Program Information for Current Students
Trajectory of PhD
At the end of August before the fall semester, the incoming cohort of graduate students participate in "Boot Camp" run by current students and a faculty mentor. The purpose of boot camp is to familiarize incoming students with techniques used in neuroscience research. This is done through lectures and laboratory demonstrations. Topics include basic methods in microscopy, biochemistry, electrophysiology, genetics, computational neuroscience, behavior, imaging, anatomy, and cell culture. Faculty, postdocs and students lecture and participate in lab demonstrations.
In their first year in the program, students engage in rotations in the labs of training faculty and begin the required coursework.
Rotations are designed to help students choose a dissertation mentor, and broaden their practical and theoretical knowledge of neuroscience. Rotations (typically three, completed over the course of the Fall and Spring semesters) are initiated by students according to individual interests. Ideally, students choose their thesis lab by the beginning of the summer.
In the first semester Experimental Approaches course taught by program co-directors, students hear from second year students about their rotation experiences, engage with training faculty about their research, and participate in a month-long series of workshops for NSF proposal preparation.
During this early period, one of the three co-directors serves as a primary advisor to the student on any aspect of the graduate program, from rotation and course selection to administrative matters. Entering students meet with this advisor after they arrive at Columbia and before the semester begins. Continuing students in their first and second years meet with the advisor during the summer, and at any other time during the year upon request. For this summer meeting, each student prepares a brief written report, indicating the courses, seminars, rotations, and professional experiences in which he or she has engaged.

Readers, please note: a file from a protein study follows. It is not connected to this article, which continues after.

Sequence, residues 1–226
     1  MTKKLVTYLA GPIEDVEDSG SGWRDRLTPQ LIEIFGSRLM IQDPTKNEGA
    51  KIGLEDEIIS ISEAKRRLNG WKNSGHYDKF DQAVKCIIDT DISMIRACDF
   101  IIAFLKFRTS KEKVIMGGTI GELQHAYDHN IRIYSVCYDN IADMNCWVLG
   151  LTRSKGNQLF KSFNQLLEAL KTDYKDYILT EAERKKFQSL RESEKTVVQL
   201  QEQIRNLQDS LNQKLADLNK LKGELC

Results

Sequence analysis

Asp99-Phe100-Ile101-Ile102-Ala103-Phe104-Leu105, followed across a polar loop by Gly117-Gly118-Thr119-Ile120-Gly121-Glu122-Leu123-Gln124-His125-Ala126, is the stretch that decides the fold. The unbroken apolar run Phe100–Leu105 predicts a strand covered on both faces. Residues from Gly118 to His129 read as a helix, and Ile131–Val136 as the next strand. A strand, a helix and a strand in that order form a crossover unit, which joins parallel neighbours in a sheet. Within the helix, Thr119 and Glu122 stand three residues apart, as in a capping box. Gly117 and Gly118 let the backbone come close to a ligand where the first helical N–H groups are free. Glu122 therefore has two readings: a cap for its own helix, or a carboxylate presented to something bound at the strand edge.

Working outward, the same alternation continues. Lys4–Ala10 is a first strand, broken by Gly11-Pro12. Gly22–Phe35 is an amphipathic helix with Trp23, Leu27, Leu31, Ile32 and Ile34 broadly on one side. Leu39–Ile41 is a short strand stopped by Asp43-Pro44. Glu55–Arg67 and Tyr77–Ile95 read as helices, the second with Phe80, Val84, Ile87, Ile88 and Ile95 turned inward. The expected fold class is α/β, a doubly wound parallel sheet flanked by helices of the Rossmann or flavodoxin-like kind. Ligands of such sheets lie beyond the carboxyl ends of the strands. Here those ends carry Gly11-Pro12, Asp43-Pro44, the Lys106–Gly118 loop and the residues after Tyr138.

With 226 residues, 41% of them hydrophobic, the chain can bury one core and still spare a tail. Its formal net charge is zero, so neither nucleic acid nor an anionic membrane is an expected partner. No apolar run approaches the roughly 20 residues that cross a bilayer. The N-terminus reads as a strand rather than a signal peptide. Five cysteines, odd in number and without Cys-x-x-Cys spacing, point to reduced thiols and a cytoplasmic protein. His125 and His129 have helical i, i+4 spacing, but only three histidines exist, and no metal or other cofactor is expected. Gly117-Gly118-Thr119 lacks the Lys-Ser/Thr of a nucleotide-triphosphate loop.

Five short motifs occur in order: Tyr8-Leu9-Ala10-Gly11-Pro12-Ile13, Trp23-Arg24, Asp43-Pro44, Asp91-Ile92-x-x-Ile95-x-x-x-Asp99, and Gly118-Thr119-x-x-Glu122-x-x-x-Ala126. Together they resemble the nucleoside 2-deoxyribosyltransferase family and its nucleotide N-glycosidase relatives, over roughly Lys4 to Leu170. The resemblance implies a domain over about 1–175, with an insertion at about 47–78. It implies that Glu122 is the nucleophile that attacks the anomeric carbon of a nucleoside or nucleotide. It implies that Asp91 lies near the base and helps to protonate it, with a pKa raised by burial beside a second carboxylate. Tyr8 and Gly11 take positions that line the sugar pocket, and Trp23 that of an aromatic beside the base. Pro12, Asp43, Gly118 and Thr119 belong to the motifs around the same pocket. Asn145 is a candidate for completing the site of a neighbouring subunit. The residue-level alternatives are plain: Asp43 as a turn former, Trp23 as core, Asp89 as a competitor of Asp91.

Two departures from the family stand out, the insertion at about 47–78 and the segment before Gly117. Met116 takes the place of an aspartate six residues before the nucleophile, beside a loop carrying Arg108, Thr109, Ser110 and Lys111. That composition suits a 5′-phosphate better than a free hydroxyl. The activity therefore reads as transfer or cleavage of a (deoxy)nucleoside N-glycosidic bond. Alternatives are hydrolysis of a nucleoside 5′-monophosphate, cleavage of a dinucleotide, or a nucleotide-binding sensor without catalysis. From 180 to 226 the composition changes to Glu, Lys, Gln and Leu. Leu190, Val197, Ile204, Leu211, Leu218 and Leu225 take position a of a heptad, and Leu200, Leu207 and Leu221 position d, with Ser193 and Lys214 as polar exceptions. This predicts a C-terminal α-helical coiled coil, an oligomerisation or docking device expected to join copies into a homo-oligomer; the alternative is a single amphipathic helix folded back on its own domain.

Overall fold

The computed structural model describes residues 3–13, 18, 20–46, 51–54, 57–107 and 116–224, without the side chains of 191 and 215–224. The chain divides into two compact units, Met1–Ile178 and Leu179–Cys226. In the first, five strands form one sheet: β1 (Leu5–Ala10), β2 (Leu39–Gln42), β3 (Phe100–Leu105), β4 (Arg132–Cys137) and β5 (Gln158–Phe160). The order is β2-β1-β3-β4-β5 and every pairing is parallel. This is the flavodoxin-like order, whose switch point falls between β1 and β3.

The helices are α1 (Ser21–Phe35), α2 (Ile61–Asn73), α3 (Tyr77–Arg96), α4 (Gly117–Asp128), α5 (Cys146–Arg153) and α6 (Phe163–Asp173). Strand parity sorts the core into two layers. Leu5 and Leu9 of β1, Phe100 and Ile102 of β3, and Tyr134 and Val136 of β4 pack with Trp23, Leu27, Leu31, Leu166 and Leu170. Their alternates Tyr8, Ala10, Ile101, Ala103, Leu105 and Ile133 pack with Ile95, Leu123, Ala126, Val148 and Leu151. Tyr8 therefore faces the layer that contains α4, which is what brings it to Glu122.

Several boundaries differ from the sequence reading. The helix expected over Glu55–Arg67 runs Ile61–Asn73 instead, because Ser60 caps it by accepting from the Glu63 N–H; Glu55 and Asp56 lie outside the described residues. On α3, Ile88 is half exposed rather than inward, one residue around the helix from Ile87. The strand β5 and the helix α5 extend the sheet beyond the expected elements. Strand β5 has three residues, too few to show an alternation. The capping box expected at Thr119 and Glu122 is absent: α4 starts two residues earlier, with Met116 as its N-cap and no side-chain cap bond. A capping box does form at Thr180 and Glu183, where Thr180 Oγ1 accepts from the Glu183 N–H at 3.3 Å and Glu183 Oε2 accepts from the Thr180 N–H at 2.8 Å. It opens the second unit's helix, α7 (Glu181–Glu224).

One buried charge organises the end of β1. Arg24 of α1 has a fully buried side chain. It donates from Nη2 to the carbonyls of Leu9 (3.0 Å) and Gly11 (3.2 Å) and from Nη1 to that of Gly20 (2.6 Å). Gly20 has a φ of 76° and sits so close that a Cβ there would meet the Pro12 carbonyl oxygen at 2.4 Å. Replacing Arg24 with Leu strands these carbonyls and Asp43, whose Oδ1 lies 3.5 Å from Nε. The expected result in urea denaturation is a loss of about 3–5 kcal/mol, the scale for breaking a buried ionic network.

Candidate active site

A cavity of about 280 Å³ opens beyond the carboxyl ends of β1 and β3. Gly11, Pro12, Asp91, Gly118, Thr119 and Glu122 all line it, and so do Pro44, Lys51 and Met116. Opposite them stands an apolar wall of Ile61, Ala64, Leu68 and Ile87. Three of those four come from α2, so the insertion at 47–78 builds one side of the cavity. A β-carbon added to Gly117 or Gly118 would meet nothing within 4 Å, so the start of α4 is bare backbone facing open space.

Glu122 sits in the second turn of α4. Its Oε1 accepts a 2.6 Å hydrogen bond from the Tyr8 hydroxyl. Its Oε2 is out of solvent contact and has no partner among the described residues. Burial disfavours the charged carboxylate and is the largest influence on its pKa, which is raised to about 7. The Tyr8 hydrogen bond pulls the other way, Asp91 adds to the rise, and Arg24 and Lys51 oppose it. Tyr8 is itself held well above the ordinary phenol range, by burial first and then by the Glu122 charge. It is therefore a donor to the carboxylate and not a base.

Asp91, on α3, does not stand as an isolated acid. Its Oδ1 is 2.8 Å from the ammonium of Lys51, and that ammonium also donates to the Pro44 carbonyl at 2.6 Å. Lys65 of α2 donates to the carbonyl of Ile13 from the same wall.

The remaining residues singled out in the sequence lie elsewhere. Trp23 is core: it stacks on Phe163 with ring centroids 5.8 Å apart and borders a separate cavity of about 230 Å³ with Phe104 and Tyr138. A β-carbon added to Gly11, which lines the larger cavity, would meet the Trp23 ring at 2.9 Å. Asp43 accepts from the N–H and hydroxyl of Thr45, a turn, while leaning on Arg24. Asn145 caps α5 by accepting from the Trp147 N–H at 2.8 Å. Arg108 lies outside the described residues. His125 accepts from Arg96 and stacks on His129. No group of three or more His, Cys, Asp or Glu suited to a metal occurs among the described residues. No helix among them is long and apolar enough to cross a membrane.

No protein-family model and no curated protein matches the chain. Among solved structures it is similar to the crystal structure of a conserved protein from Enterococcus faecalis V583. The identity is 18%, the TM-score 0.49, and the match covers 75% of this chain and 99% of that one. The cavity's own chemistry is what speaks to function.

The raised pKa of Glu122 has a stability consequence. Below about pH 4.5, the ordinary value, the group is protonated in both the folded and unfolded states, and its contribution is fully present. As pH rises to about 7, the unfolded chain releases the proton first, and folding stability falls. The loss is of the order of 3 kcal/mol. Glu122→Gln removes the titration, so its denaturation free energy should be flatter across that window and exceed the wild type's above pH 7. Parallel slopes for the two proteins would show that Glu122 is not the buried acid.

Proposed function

The Qualifying Examination, taken near the end of year 2 in the program, establishes that students are ready to undertake the research required for the PhD degree. Students must possess an in-depth understanding of the literature in their field and formulate a research proposal addressing an important scientific problem. The written qualifying proposal follows the format of the NIH NRSA (F31); most address a proposed thesis project, though these may be based on any topic. The proposal is defended in an oral examination before an examining committee chosen by the student and thesis advisor.
Students are expected to pass this examination by the end of May of their second year in the graduate program.
The Qualifying Examination is in two parts: a written research proposal and an oral defense of that proposal before an examining committee.
The committee consists of four faculty members including the student's proposed thesis sponsor or co-sponsor. Members of the committee may come from outside the training program when appropriate.